Need Good book on Vector Calculus

In summary, the conversation discusses the need for a good book or website that provides step-by-step proofs for vector calculus equations. The conversation includes the correct form of the equations, as well as a proof for them using cartesian tensors. It also mentions a more complex equation involving mixed vector products.
  • #1
newbie101
16
0
Hi All,

I need some suggestion on a good book for vector calculus/advanced vector calculus.
current book I am reading just give equations like

del x ( A x B ) = A del.B - Bdel.A + (B.del)A - (A.del)B

A x ( B x C ) = B(del.A) - C(A.B)

del x (f A) = f del x A + del f x A

etc

however they don't show the proof
Is there any book or maybe a website which gives the proof step by step

thanks
newbie101

* if there is a free book i could download .. it would be fantastic :smile:
 
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  • #2
They can be proven on components.All three of them are vector identities,so it suffices to prove only for one scalar component.The second one is really easy if u use cartesian tensors...The same goes for the 3-rd.

Daniel.
 
  • #3
dextercioby,

please show me how they are proven...

thanks
newbie
 
  • #4
The first u've written there is incorrect...

Come up with the correct form.

1

[tex] \vec{A}\times\left(\vec{B}\times\vec{C}\right)=...? [/tex]

[tex] \vec{B}\times\vec{C}=\epsilon_{ijk}B_{i}C_{j}\vec{e}_{k} [/tex]

[tex] \vec{A}\times\left(\vec{B}\times\vec{C}\right)=\epsilon_{lkn}A_{l}\left(\vec{B}\times\vec{C}\right)_{k}\vec{e}_{n}=\epsilon_{lkn}\epsilon_{ijk}A_{l}B_{i}C_{j}\vec{e}_{n} [/tex]

[tex] \epsilon_{lkn}\epsilon_{ijk}=-\epsilon_{lnk}\epsilon_{ijk}=-\left(\delta_{li}\delta_{nj}-\delta_{ni}\delta_{lj}\right)=\delta_{ni}\delta_{lj}-\delta_{li}\delta_{nj} [/tex]

Therefore,making the summations with the delta Kronecker

[tex] \vec{A}\times\left(\vec{B}\times\vec{C}\right)=B_{i}A_{l}C_{l}\vec{e}_{i}-A_{l}B_{l}C_{j}\vec{e}_{j}=\left(\vec{A}\cdot\vec{C}\right)\vec{B}-\left(\vec{A}\cdot\vec{B}\right)\vec{C} [/tex]

Q.e.d.




Daniel.
 
  • #5
2

[tex]\nabla\times\left(A\vec{B}\right)=\epsilon_{ijk}\partial_{i}\left(AB_{j}\right)\vec{e}_{k}=\epsilon_{ijk}\left(\partial_{i}A\right)B_{j}\vec{e}_{k}+\epsilon_{ijk}A\left(\partial_{i}B_{j}\right)\vec{e}_{k}=\left(\nabla A\right)\times\vec{B}+A\left(\nabla\times\vec{B}\right) [/tex]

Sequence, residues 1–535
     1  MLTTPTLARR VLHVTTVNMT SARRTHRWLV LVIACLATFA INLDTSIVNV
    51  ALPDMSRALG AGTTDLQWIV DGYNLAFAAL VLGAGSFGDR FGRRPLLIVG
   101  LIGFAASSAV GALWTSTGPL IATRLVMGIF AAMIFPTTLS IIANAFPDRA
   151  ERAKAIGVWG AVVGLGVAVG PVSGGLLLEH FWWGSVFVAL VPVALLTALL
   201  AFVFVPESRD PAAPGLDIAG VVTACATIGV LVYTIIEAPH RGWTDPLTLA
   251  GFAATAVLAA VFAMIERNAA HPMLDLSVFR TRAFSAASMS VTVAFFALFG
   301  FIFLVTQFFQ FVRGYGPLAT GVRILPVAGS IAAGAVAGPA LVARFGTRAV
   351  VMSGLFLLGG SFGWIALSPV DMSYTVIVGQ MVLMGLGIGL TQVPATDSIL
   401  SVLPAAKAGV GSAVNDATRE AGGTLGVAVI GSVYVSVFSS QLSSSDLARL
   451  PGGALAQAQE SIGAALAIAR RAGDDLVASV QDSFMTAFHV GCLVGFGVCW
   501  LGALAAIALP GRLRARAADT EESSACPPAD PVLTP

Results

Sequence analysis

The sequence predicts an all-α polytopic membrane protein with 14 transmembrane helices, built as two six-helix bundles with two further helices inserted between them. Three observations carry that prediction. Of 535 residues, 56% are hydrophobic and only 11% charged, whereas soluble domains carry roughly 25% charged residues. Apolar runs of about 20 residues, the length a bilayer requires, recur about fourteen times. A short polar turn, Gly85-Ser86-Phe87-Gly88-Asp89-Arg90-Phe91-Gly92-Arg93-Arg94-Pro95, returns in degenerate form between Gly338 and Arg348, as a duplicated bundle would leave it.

Q.e.d.




Daniel.
 
  • #6
Okay.I'll make reference to post #4 in which the simply contracted tensor product of Levi-Civita tensor appears.

3

[tex]\nabla\times\left(\vec{A}\times\vec{B}\right)=\epsilon_{ijk}\partial_{i}\left(\epsilon_{lmj}A_{l}B_{m}\right)\vec{e}_{k}=\epsilon_{ijk}\epsilon_{lmj}\left[\left(\partial_{i}A_{l}\right)B_{m}+A_{l}\left(\partial_{i}B_{m}\right)\right]\vec{e}_{k} [/tex]

[tex]=-\epsilon_{ikj}\epsilon_{lmj}\left[\left(\partial_{i}A_{l}\right)B_{m}+A_{l}\left(\partial_{i}B_{m}\right)\right]\vec{e}_{k} =\left(\delta_{im}\delta_{kl}-\delta_{il}\delta_{km}\right)\left[\left(\partial_{i}A_{l}\right)B_{m}+A_{l}\left(\partial_{i}B_{m}\right)\right]\vec{e}_{k} [/tex]

[tex] =\left(\partial_{m}A_{k}\right)B_{m}\vec{e}_{k}+A_{k}\left(\partial_{m}B_{m}\right)\vec{e}_{k}-\left(\partial_{l}A_{l}\right)B_{k}\vec{e}_{k}-A_{i}\left(\partial_{i}B_{k}\right)\vec{e}_{k}[/tex]

[tex]=\left(\vec{B}\cdot\nabla\right)\vec{A}+\vec{A}\left(\nabla\cdot\vec{B}\right)-\vec{B}\left(\nabla\cdot\vec{A}\right)-\left(\vec{A}\cdot\nabla\right)\vec{B} [/tex]

Q.e.d.

Daniel.
 
  • #7
4

[tex] \vec{A}\times\left(\nabla\times\vec{B}\right)+\vec{B}\times\left(\nabla\times\vec{A}\right)+\left(\vec{B}\cdot\nabla\right)\vec{A}+\left(\vec{A}\cdot\nabla\right)\vec{B} [/tex]